ANDERSON – As she entered Anderson University three years ago, Jayden Brown knew she wanted to help people and started on what she anticipated would be a degree in nursing.
But like many students, the Pendleton resident came to realize that her initial major was not her true calling.
“I always liked to build things, to get into tech, so I decided to go into cybersecurity,” she said. “I still have an interest in the medical field, so when I graduate, I want to work in cybersecurity for a hospital.”
In an effort to help Brown and other students reach their career goals, Anderson University on Tuesday opened its new Center for Security Studies & Cyber Defense in Decker Hall.
Made possible through a $ 1 million grant from Indianapolis-based Lilly Endowment and a $ 250,000 grant from Upland-based Avis Foundation, the center is one of many across campus. Each helps students in their dedicated fields make the professional contacts and gain the work experience necessary to reach their career goals.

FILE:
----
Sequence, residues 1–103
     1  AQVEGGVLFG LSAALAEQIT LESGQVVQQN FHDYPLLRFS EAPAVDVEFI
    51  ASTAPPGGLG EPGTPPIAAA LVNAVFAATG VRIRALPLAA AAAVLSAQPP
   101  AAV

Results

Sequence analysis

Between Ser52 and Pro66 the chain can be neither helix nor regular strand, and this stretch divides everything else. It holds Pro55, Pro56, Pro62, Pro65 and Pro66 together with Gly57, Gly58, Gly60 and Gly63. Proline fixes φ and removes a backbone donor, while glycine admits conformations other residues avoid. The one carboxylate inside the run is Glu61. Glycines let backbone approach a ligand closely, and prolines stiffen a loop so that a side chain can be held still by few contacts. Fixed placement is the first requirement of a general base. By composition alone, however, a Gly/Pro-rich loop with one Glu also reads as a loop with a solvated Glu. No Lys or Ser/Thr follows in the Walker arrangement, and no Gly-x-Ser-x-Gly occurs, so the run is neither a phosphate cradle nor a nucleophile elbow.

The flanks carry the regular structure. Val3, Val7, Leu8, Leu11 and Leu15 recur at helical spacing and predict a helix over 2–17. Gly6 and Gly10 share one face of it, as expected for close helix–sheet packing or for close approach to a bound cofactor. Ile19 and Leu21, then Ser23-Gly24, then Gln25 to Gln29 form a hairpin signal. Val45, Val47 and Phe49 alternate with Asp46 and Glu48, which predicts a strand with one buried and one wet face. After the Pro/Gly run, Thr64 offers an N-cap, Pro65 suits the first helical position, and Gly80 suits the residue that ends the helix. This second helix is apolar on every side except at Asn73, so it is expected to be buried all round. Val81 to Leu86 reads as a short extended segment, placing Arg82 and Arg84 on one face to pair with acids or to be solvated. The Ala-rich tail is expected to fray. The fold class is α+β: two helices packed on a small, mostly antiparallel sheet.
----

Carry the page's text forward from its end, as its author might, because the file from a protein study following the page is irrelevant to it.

Cybersecurity and cyber defense are special interests of AU President John S. Pistole, an AU grad and former deputy director of the FBI.
The center includes six double-screen work stations and six monitors on the wall that can display cyberthreats around the globe in real time. Those monitors can be broken up into as many as 64 unique images.
“They can take their monitors and what they’re seeing and cast it up on the wall,” said the center’s executive director, David Dungan.
In addition to creating opportunities for students, he said, the center will allow local and regional businesses to tap into cost-effective cybersecurity services. Those include analyzes of the businesses’ cybersecurity footprints and their risks and threats.
Among the services that can be provided are network and cloud security, digital forensics and ethical hacking.
Center Director Garrett Henderson, an AU graduate, said he anticipates the reduced-cost services will be offered primarily to church and not-for-profit organizations.
“I would like to concentrate on underserved communities,” he said.
Though the center is just starting to market its services, students and faculty aren’t waiting on outside clients to get started, Henderson said.
“We’re doing it already for the university, which has its own unique needs and is helping us prepare the equipment and processes for future clients,” he said.
The privacy of clients is assured through non-disclosure agreements signed by students and a secure workplace where the window overlooking a hallway can either be clear or made electronically opaque to obscure what is happening inside from passersby.
Follow Rebecca R. Bibbs on Twitter at @RebeccaB_THB, or call 765-640-4883.